For tactical purposes battalions were often divided into different units most commonly called platoons. As in French and British usage most battalions had the same number of companies as platoons this distinction tends to be blurred by writers in English writing about battles from an English or French perspective. In Austrian, Prussian, or Russian usage it is, however, important to remember.

Battalions at full strength ran somewhere between 500 and 1200 men, and had anywhere from four to ten companies of somewhere between 80 and 200 men each. Battalions could be attritted down to only two hundred men but became ineffective at strengths under that.

The main tactical divisions of a battalion varied some what less than the number of companies usually being either eight or six in number whether they were called platoons or something else.

Although early on English and French battalions in particular might have ten or nine companies, some of these were elite grenadier or light companies and often either detached for duty elsewhere or deployed as skirmishers and were therefore not usually available when forming battalion formations.

A diagram showing a generic infantry battalion formations of the Napoleonic Wars.

Officers, NCOs, skirmishers, etc not shown. Separations not exact. Attack columns closed up. Separations in Square exaggerated so that component sub-units can be discerned. Eight tactical sub-units by whatever name were common but this was not an invariable rule. Sub-units at almost a hundred men are on the larger side of what would be common. The British would be in two ranks so their sub-units would be longer and thinner. Each man would take up about two feet ( or one pace or about two-thirds of a yard or meter) square, so sub-units are about 22 by 4 yards in size.

The Early 18th Century

The eighteenth century began with a decade and a half of general warfare. The War of the Spanish Succession was the biggest and most general conflict. It was the continuation of a generation long effort to contain the ambitions of France under Louix XIV.

It was the war that saw the introduction of the flintlock and bayonet.

Formations were primarily linear to develop the most firepower and tactics amounted to both sides lining up across from each other and closing to very near range before firing their first devastating volley.

The awkwardness of maneuvering in long thin lines meant battle was basically by mutual agreement. It was an age of seige warfare.

A premimum was placed on drill and disciple. It took well trained troops with good morale to maneuver like this and to withhold fire, perhaps while under fire themselves, until the last moment.

On the continent, either because generals recognized the drawbacks of this approach, or because it was inherently unsustainable killing sometimes thirty to fifty per cent of the well trained troops with high morale it needed with each engagement, this approach fell out of favor as the century progressed.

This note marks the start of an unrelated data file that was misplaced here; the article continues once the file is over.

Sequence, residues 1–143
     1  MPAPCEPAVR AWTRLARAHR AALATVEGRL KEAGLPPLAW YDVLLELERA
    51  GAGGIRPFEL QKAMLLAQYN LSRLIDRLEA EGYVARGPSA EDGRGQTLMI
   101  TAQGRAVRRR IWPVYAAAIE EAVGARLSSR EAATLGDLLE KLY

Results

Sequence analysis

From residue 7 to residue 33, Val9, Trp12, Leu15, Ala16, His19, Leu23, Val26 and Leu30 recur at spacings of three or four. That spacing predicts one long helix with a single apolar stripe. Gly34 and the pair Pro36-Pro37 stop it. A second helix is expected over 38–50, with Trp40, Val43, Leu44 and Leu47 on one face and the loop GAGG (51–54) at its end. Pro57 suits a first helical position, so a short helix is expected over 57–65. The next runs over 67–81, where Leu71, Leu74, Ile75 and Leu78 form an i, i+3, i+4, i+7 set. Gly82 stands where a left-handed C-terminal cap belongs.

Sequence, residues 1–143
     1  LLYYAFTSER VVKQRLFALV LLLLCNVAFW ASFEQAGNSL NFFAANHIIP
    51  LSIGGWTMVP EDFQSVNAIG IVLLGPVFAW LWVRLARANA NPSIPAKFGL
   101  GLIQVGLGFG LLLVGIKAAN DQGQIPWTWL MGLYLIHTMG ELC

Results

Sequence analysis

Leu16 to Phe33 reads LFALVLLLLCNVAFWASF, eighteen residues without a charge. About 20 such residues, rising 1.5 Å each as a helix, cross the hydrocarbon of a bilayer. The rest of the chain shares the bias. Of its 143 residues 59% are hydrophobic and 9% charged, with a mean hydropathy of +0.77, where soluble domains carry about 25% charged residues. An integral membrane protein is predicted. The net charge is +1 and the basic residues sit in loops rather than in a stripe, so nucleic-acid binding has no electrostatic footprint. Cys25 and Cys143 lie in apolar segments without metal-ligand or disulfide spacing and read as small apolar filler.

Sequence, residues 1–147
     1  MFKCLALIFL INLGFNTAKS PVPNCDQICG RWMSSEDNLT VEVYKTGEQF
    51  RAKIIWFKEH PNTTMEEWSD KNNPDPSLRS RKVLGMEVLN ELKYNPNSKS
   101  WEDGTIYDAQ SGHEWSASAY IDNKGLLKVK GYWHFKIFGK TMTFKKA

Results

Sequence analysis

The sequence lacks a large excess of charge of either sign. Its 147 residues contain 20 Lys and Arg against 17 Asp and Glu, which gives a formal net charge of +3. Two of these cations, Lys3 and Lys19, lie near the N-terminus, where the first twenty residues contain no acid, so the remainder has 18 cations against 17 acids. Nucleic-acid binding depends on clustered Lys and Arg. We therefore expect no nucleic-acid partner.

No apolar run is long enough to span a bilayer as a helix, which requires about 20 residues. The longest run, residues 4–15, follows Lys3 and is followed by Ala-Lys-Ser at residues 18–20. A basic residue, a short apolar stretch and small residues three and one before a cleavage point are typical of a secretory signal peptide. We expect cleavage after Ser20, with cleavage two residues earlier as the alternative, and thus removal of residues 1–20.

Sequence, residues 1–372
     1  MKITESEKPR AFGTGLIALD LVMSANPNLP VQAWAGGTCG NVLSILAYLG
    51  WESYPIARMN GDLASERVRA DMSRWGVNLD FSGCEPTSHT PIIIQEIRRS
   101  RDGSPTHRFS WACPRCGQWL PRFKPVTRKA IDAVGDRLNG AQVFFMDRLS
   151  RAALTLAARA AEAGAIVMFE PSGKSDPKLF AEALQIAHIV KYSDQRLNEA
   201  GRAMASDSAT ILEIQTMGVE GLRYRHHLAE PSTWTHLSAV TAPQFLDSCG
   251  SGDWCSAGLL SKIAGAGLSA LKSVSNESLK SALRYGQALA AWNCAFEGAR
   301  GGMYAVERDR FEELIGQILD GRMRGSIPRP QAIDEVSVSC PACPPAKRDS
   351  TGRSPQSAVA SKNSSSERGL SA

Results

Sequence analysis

Only the British maintained the bloody minded discipline to routinely hold their fire until the last moment and fire their first volley at murderously close range. They did so right through mid-century and up until Waterloo at the end of the Napoleonic Wars.

Frederick the Great and the Drilling of Armies

After the War of Spanish Succession peace broke out in Europe for better than two decades.

Frederick the Great's father, the Soldier King, built up the Prussian army in this period. He made Prussia a military state with the best drilled army in Europe.

When Frederick took his father's army to war with Austria in 1740 its superior quality of drill provided two advantages.

One it could deploy into line faster and more efficiently than its opponents. Ideally it could be ready to fight before them and catch them at some sort of disadvantage.

Two once engaged it fired faster. The Prussian units were trained to fire more volleys in a given time than other troops.

These advantages and Frederick's operational genius allowed Prussia to defeat the larger Austrian state and its Allies.

Prussia became a Great Power.

Its army and military tactics became a model for all of Europe.

The Austrians Adapt

By the mid-eighteenth century the Austrians, the main opponents of the Prussians, had got the message that they needed to up their military game loud and clear.

Better drill, going by the Prussian example, appeared the way to achieve both better battlefield maneuverablity and increased firepower.

Amazingly prior to the mid-century there wasn't any standardized drill for the Austrian army overall. (This in fact seems to have been generally true for all the European powers.) Armies still had some of the private public enterprise flavor of the previous century. Regimental and battlion officers were responsible for training and drilling their troops and did so by their own lights as best they could without undue influence from higher up in the command hierarchy. The command hierarchy wasn't in fact fixed or permenant in any case.

Be that as it may as Duffy writes "Maria Theresa proclaimed to the army in 1749 'How it has come to Our notice that Our Imperial infantry posssesses neither a uniform drill, nor any uniform observation of military practice. These two shortcomings not only give rise to various disorders, but promote dangerous, harmful and damaging situations both in the field and in garrison.' In the first ten years of the reign the army had certainly gone about the business of fighting in a great variety of ways, which owed something to sets of private and public regulations, but probably rather more to the whim of individual colonels. "